It is unclear whether the House-passed measure will come to a vote in the Senate, where at least 10 Republicans would need to join every Democrat to overcome a filibuster. The bill calls for the repeal of the Defense of Marriage Act, which former President Clinton signed into law in 1996. Still on the books, it recognizes marriage as “only a legal union between one man and one woman as husband and wife.” The law defines a spouse as “a person of the opposite sex who is a husband or a wife.”
Senate Majority Whip Dick Durbin (D-Ill.) said Monday that the chamber should vote on enshrining those two rights (NBC News). On Tuesday, he said marriage protections and access to contraception were Democratic priorities, but “we have more priorities than we have time” (The Wall Street Journal).
Meanwhile, the White House wants to salvage what it can of Biden’s reform agenda after Sen. Joe Manchin (D-W.Va.) said he wants to wait before considering climate and tax provisions. The president, short on votes and time, has urged House and Senate allies to try to pass remaining pieces to send to his desk before the fall (The Hill).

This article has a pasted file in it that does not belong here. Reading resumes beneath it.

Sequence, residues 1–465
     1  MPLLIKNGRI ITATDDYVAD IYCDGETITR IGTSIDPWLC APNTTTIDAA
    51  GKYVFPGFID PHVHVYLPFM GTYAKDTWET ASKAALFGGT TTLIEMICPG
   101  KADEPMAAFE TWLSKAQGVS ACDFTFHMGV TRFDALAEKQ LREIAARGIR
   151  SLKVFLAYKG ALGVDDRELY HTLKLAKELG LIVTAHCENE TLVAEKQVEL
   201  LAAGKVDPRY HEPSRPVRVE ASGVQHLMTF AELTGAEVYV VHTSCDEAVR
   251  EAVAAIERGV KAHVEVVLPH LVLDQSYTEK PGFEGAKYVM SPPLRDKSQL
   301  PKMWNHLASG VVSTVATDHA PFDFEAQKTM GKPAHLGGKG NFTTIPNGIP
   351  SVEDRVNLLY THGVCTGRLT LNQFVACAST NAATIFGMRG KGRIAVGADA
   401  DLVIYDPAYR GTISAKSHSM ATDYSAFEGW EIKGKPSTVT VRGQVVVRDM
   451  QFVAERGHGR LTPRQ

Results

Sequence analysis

Biden will be in Massachusetts today to talk about climate change at the site of a former coal-fired power plant that shuttered in 2017 but has since been reborn as an offshore wind power facility. He will not declare a national climate emergency during his trip, as had been urged by climate activists and Democrats, but the idea remains under consideration, according to the White House (The Hill and The Associated Press).
Amid Democrats’ frustrations and recriminations about major policy promises that some now declare “dead,” Biden’s Senate allies are reluctant to say that the president or Senate Majority Leader Charles Schumer (D-N.Y.) bungled the overall legislative strategy, reports The Hill’s Alexander Bolton. The public second-guessing may grow louder this summer.
▪ The Hill: Republicans want to rein in the president’s power to cancel student loan debt, arguing such plans are “wildly inflationary.”